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Modern printing began in the fifteenth century after the invention of the printing press by Johannes Gutenberg (1398-1468).
However, the history of print goes back much further in time. This blog will be in two sections. The history of print from 3000b.c. up until Gutenberg’s revolutionary invention will be part one. A brief description of the evolution of the industry up until the present day will be part two.
Evidence of printing techniques exists today from artefacts that are believed to date from 3000b.c. and earlier. These originate from Mesopotamia which is modern day Iraq and were created with round seals that were used to impress images onto clay tablets. Other earlier societies in China and Egypt used stamps that were then used to print on cloth. Later on the Chinese began to use wooden blocks to print onto silk.
During the Han Dynasty (around 220a.d.) a further breakthrough occurred when print was produced in the three primary colours, cyan (blue), magenta (red) and yellow. When combined with the original colour of black a kaleidoscope of virtually all other colours can be created.
During the Roman Empire, which is a little further back in the historical timeline in about 130b.c., the first ‘Acta Diurna’ appeared. This is Latin for ‘Daily Acts` and can be considered as the first ever newspaper. However, they were not printed, at the time they were carved onto stone or metal and scribes then made copies and distributed them in order to disseminate news and ideas to the provinces of the Empire. This was an important breakthrough because newspapers and print were to become synonymous for centuries until the present day.
The first moveable type printing press (image above) was invented in China by an alchemist named Bi Sheng around the year 1040a.d. This was an important technological breakthrough because for the first time it became possible to mass produce a text or book incredibly quickly and efficiently compared to anything else before. There are still a few surviving books produced from the clay-baked moveable type characters in 12th century China.
However, because of the complexities of Asian writing systems (Chinese, Korean and Japanese alphabet was made up of thousands of characters which each would need to be cut individually for moveable printing) this method did not really catch on and the widespread use of wooden blocks continued in China.
It was the Europeans who really embraced moveable type and in the middle of the 15th century Johannes Gutenberg invented what can be considered the first Printing Press. What set Gutenberg apart from his Chinese predecessors was the mechanisation of the transfer from moveable type to print.
By automating the process using machine rather than hand assembly, mass production was made possible, combined with superior ink using linseed oil and soot instead of the Chinese water-based ink. Cost efficient, production printing of books began on an industrial scale and the Print Industry began on its exponential, profitable growth journey.
Although the first lithograph offset press was invented by Englishman Robert Barclay in 1875 using two cylinders, one made of hard stone or metal and the other made of rubber which was used to pull the item being printed upon through the press, the real technological breakthrough emerged a few years later by a discovery made by Ira Washington Rubel in America. It happened by accident, while operating his lithographic press, he noticed that if he failed to insert paper the metal plate would transfer the image onto the rubber impression cylinder. If paper was then placed into the machine the image would appear on both sides. To his amazement the image from the rubber impression was far superior and created a sharper, clearer look. He quickly exploited his ‘mistake` and is credited with inventing the first offset printing press as we have come to know it today.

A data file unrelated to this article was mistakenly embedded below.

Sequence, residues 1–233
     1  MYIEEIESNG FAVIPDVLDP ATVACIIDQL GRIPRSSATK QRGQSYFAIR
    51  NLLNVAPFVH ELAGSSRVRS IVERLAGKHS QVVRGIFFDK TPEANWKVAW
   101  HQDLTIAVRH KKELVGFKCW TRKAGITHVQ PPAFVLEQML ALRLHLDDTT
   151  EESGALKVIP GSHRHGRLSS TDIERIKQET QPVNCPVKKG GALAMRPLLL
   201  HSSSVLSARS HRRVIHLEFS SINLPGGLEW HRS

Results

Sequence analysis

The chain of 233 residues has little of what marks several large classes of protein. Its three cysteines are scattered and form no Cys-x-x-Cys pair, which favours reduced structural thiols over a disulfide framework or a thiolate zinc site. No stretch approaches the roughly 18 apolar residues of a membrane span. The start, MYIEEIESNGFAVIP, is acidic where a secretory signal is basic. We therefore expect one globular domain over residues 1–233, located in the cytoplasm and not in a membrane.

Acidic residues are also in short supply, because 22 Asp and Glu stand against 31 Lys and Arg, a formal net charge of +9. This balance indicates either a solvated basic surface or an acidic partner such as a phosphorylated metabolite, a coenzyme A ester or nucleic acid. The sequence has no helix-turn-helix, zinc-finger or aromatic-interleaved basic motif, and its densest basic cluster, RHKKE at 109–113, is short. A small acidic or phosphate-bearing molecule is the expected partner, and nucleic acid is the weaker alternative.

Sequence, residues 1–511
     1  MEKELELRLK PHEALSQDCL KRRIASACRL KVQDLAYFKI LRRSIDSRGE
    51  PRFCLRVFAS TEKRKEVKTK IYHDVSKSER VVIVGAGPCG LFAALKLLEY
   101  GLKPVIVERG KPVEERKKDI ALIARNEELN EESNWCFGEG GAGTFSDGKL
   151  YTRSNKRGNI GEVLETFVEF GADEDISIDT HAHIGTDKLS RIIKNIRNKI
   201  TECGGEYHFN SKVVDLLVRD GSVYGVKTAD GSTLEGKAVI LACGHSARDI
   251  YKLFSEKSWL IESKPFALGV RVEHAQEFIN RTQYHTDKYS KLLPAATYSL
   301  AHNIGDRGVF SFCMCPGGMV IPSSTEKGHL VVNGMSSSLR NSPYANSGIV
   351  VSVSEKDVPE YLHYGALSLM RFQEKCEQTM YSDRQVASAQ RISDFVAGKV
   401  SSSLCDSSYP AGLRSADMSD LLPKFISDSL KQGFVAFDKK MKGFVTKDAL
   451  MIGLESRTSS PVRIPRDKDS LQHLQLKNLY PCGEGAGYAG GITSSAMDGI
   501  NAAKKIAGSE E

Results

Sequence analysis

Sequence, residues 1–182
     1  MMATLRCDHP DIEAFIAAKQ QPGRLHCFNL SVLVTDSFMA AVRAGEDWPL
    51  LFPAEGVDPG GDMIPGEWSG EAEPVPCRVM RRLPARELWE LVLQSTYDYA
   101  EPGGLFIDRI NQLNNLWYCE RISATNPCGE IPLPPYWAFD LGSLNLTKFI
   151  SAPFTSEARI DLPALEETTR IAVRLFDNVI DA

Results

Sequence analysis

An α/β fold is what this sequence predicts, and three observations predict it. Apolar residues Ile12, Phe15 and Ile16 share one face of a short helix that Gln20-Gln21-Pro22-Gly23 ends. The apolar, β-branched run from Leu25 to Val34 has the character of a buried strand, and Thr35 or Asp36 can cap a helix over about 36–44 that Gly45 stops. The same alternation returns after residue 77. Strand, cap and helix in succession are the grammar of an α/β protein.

If we compare the printing methods with today’s litho print machines we can understand that recent technology has led to hugely impressive production workhorses capable of quick drying times and versatile enough to print on plastic substrates as well as traditional paper and magazines. Today, speed of production and turnaround times are vital for any printing business to gain competitive advantage. High quality, waste reduction and fully loaded with the latest UV and LED technologies, print machinery manufacturers are just as competitive with each other in the pursuit of business in the form of capital investment as printers are with each other as they ruthlessly undercut each other to win consumer facing customers.
Heidelberg is arguably the market leader for providing printing presses and has achieved an unprecedented boost in sales in the U.K.recently. An example of this is speedmaster XL75 62 five-colour press, it has an impressive automatic colour and register adjustment system and the evidence available suggest that the investment is certainly worthwhile. In today’s industry the most competitive, efficient firms tend to use this incredibly reliable piece of machinery and it will be interesting to see the next breakthrough regarding quality and automation. Printing firms will continue to seek new business and improvements regarding productivity and waste reduction will be key selling points for suppliers like Heidelberg. The industry has certainly come a long way since the wooden blocks and clay tablets mentioned earlier.
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